In order to acquire required information the complex study from January-February 2012 to October 2012 is planned. Altogether 21 stations four times per study period will be visited. The spectrum of parameters measured at each station will vary according to importance of station from CTD and nutrient analysis to CTD, nutrients, fitoplankton, zooplankton, picoplancton, primary production and sampling of benthic organisms for further ecotoxicological analysis.
Canyon processes in sediment-undersupplied margins: A geomorphometric investigation of the Malta Escarpment submarine canyons (CUMECS)
Principal Investigator: Dr. Aaron Micallef (University of Barcelona; University of Malta)
Submarine canyons - deep incisions in the continental shelf and slope - play an important role in margindevelopment worldwide and are hotspots of biological activity.
on formation fail to explain how canyons form in sediment-undersupplied margins or how canyons remain active after disconnecting from terrestrial/littoral sediment sources during high sea level stands. Sediment gravity flows are accepted as a dominant mechanism in canyon erosion, yet their source is not well constrained. Recent studies stress the roles of hydrodynamic and slope failure processes in generating gravity flows and in widening canyons. These processes also regulate habitat diversity and abundance, but the extent of their influence in canyons is unknown and their monitoring is difficult.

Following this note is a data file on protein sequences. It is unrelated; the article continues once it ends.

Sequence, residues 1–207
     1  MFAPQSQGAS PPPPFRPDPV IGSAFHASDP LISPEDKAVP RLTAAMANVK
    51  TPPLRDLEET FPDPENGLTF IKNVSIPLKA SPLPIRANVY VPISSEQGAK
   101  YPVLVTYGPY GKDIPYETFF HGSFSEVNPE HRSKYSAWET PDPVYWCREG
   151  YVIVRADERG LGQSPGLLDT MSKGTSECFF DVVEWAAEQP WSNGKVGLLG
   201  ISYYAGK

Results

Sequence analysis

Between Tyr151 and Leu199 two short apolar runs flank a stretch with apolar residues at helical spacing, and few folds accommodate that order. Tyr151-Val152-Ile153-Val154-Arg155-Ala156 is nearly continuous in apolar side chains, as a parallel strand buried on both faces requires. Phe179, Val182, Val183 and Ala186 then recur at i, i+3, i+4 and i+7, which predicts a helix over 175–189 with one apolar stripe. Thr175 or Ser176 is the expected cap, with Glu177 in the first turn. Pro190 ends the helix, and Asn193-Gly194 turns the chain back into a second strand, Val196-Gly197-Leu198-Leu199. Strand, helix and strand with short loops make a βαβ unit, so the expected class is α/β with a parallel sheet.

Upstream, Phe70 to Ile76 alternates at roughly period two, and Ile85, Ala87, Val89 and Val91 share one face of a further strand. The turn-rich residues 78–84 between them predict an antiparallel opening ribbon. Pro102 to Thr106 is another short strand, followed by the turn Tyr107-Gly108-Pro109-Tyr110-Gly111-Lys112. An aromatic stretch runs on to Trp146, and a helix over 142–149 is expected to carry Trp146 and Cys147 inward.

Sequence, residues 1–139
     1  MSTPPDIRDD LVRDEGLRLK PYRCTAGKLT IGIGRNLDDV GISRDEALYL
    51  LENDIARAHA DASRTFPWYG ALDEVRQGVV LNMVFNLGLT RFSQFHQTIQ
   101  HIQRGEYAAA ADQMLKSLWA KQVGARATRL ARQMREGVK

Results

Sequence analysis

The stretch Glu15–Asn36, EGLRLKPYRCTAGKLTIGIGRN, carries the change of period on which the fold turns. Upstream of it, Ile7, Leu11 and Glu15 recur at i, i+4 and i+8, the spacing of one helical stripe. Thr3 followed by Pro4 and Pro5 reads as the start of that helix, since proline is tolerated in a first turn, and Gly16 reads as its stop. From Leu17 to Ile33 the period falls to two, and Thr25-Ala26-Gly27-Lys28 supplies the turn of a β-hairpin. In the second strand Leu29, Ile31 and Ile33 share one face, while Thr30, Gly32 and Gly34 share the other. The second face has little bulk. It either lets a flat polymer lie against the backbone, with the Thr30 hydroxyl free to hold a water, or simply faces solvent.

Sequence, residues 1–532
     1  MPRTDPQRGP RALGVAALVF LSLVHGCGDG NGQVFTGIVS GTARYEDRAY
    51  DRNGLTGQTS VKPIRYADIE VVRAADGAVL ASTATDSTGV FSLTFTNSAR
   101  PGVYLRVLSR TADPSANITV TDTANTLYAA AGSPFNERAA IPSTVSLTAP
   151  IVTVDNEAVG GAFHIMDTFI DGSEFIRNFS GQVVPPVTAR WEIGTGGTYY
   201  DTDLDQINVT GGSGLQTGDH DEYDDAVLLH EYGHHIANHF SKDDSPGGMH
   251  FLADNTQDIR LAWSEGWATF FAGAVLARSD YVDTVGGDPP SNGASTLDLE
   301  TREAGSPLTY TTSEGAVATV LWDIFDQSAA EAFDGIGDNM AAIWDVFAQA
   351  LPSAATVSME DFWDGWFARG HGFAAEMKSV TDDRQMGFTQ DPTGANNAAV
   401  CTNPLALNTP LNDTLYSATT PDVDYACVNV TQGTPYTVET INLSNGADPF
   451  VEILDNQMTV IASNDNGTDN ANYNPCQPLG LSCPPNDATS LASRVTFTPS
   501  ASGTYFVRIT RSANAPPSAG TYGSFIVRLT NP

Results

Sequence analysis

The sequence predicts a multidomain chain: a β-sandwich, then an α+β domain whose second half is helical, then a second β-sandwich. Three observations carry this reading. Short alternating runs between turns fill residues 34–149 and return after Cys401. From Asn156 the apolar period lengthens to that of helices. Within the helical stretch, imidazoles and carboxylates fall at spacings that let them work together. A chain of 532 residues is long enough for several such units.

CUMECS is an interdisciplinary project investigating the processes forming canyons in sediment-undersupplied margins and their influence on benthic habitats. An excellent natural laboratory for such a study is the Malta Escarpment, central Mediterranean, which is incised by canyons that have remained largely isolated from inputs of fluvial/littoral sediments. Our hypothesis is that these canyons are primarily formed by hydrodynamic processes, widened by mass movements and that their location is controlled by tectonic structures. To test this hypothesis, we propose a cruise to collect and integrate bathymetry and backscatter data, sub-bottom and high resolution seismic profiles, sediment cores and ROV imagery from a Malta Escarpment submarine canyon. We will investigate these data using geomorphometry and state-of-the-art facilities to identify the nature, origin and role of the main processes/controls responsible for canyon initiation and development, to propose a model for canyon evolution in sediment-undersupplied margins, and to assess the impact of canyon processes on benthic habitats in such settings.